Joey Cape Peeling Back the Veneer

Friday 02nd, March 2018 / 10:00


By Sarah Mac 

Lagwagon frontman Joey Cape’s solo act trades Woodie for wooden.

CALGARY – With winter winding down, there’s comfort in spending intimate evenings indoors, especially if it involves being treated to acoustic melodies from our favourite coffee-loving punk, Joey Cape.  

Although  Cape  is  most  recognized  for  fronting  the  Californian  punk  band,  Lagwagon,  his  solo  musical career is gaining momentum. The first of Cape’s four solo albums, Bridge, debuted in 2008 and more recently the simply named Covers, featuring unplugged Lagwagon and Bad Astronaut renditions, appeared on his own One Week Record label. 

“I’m always working on new material and I’m always writing,” says Cape.  

“I’m just one of those people. I can’t stay idle. I’m recording a new album right now. It’s got a way to go, but I’m really happy about it. I’ve been writing it for a couple years and I think it’s one of the best things I’ve done solo. But you never know, it could suck! So, we’ll see.”  

Cape’s solitary writing efforts usually result in songs of the somber variety, so it’s only fitting that his new material is sincere, emotional and dark. Pulling heartfelt selections from his considerable back-catalogue, he also diversifies his solo shows with a slowed down, bare bones take on some original punk classics.  

“I’ll be honest, I love sad songs, I like songs that are melancholy. It’s almost like that’s art to me, when I hear somebody’s heartbreak and struggle. But, that’s what I want out of a painting and that’s what I want out of a novel. It’s the same with music.”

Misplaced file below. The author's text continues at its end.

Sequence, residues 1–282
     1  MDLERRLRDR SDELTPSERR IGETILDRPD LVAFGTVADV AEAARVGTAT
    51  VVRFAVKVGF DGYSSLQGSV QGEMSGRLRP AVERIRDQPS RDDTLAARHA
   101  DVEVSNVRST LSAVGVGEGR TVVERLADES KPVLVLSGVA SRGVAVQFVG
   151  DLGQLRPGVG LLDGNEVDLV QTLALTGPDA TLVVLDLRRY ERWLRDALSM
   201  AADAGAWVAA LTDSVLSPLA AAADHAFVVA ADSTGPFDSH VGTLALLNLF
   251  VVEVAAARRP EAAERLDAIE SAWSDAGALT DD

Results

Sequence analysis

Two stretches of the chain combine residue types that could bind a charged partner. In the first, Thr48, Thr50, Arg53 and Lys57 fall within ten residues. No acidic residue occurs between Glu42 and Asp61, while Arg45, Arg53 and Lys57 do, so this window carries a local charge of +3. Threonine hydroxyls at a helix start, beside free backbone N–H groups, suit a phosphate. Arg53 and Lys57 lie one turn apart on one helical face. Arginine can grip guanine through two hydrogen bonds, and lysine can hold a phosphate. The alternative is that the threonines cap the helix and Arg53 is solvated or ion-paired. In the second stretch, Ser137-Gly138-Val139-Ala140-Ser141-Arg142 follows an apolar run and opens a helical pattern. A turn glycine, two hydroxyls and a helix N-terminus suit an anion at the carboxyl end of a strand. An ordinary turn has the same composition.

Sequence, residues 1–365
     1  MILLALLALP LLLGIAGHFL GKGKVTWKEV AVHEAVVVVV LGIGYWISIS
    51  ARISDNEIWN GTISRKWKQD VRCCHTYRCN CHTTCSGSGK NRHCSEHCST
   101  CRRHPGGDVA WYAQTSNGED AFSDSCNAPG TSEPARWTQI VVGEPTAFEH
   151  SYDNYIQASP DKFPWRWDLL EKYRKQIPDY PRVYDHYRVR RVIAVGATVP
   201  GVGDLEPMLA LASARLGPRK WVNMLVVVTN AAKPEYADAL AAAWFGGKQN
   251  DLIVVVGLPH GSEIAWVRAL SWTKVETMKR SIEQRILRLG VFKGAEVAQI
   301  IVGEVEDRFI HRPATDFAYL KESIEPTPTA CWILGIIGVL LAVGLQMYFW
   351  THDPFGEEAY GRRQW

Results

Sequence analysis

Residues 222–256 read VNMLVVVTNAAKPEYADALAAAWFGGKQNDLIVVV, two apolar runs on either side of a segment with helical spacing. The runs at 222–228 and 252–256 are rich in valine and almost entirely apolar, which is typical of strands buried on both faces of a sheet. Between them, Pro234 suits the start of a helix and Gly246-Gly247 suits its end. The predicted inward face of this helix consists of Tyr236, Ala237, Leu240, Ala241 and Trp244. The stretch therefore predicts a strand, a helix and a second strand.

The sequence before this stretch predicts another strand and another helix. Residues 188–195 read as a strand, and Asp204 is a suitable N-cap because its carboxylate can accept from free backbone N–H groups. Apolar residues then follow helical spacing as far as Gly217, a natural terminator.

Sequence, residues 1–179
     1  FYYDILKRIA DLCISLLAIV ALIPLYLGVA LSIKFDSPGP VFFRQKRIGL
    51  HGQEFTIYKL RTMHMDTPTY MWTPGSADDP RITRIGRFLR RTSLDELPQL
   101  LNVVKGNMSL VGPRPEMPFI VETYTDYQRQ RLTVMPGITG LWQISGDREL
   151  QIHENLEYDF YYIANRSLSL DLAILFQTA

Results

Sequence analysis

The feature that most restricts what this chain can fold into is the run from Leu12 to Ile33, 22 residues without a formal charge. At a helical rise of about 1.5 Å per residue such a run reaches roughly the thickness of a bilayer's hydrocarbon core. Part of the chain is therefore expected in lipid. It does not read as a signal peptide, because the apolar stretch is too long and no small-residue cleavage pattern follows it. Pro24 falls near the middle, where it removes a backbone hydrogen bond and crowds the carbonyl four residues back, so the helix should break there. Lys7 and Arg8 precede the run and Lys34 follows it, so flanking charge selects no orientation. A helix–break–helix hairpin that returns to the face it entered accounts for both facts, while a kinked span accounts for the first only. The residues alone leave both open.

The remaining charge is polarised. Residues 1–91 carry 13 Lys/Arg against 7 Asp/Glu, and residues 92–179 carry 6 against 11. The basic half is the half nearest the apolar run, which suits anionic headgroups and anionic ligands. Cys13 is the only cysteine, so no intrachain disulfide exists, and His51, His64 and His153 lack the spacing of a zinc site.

True to his word, Cape has steadily refined his style and sound by introducing the unadorned discipline of the acoustic guitar to his naturally restless lyrics. The latter of which is something that the stalwart singer has been perfecting since his early skate-punk days. 

“A lot of Lagwagon songs just sound really nice when I play them on acoustic, because they’re very emotional. “I Must Be Hateful” is the best example of that. It never became a song that anyone ever asked to hear, until I played it on acoustic. I think it’s because we [Lagwagon] missed the mark on the vibe; it’s too rushed and doesn’t have the right flow. It’s the subtlety of it. It’s great, but just keep it simple. You know? But, that’s how I feel about a lot of things, like coffee – it’s sort of like music. Just give me the bean, it’s already good. So, quit trying to reinvent the wheel!”  


Don’t miss Joey Cape on his One Week Records Tour of Alberta. He performs March 9 at The Palomino Smokehouse and Social Club [Calgary], March 10 at the Starlite Room [Edmonton] and March 11 at Wild Bill’s [Banff].

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